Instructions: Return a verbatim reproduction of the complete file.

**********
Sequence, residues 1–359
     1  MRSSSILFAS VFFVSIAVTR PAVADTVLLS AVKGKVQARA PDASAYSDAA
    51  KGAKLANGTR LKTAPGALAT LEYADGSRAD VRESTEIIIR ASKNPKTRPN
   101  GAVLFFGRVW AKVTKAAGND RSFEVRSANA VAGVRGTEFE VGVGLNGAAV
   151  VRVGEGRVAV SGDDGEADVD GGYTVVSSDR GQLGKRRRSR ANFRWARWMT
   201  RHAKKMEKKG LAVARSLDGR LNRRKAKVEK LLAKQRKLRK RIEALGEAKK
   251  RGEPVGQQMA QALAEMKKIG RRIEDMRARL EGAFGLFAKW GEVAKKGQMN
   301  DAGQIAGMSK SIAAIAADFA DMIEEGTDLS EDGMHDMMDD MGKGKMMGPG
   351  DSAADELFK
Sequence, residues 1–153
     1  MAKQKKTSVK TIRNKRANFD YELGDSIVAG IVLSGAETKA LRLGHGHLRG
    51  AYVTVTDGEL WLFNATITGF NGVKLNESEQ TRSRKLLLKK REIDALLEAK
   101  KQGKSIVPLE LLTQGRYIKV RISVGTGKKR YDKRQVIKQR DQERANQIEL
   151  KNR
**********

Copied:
Sequence, residues 1–359
     1  MRSSSILFAS VFFVSIAVTR PAVADTVLLS AVKGKVQARA PDASAYSDAA
    51  KGAKLANGTR LKTAPGALAT LEYADGSRAD VRESTEIIIR ASKNPKTRPN
   101  GAVLFFGRVW AKVTKAAGND RSFEVRSANA VAGVRGTEFE VGVGLNGAAV
   151  VRVGEGRVAV SGDDGEADVD GGYTVVSSDR GQLGKRRRSR ANFRWARWMT
   201  RHAKKMEKKG LAVARSLDGR LNRRKAKVEK LLAKQRKLRK RIEALGEAKK
   251  RGEPVGQQMA QALAEMKKIG RRIEDMRARL EGAFGLFAKW GEVAKKGQMN
   301  DAGQIAGMSK SIAAIAADFA DMIEEGTDLS EDGMHDMMDD MGKGKMMGPG
   351  DSAADELFK
Sequence, residues 1–153
     1  MAKQKKTSVK TIRNKRANFD YELGDSIVAG IVLSGAETKA LRLGHGHLRG
    51  AYVTVTDGEL WLFNATITGF NGVKLNESEQ TRSRKLLLKK REIDALLEAK
   101  KQGKSIVPLE LLTQGRYIKV RISVGTGKKR YDKRQVIKQR DQERANQIEL
   151  KNR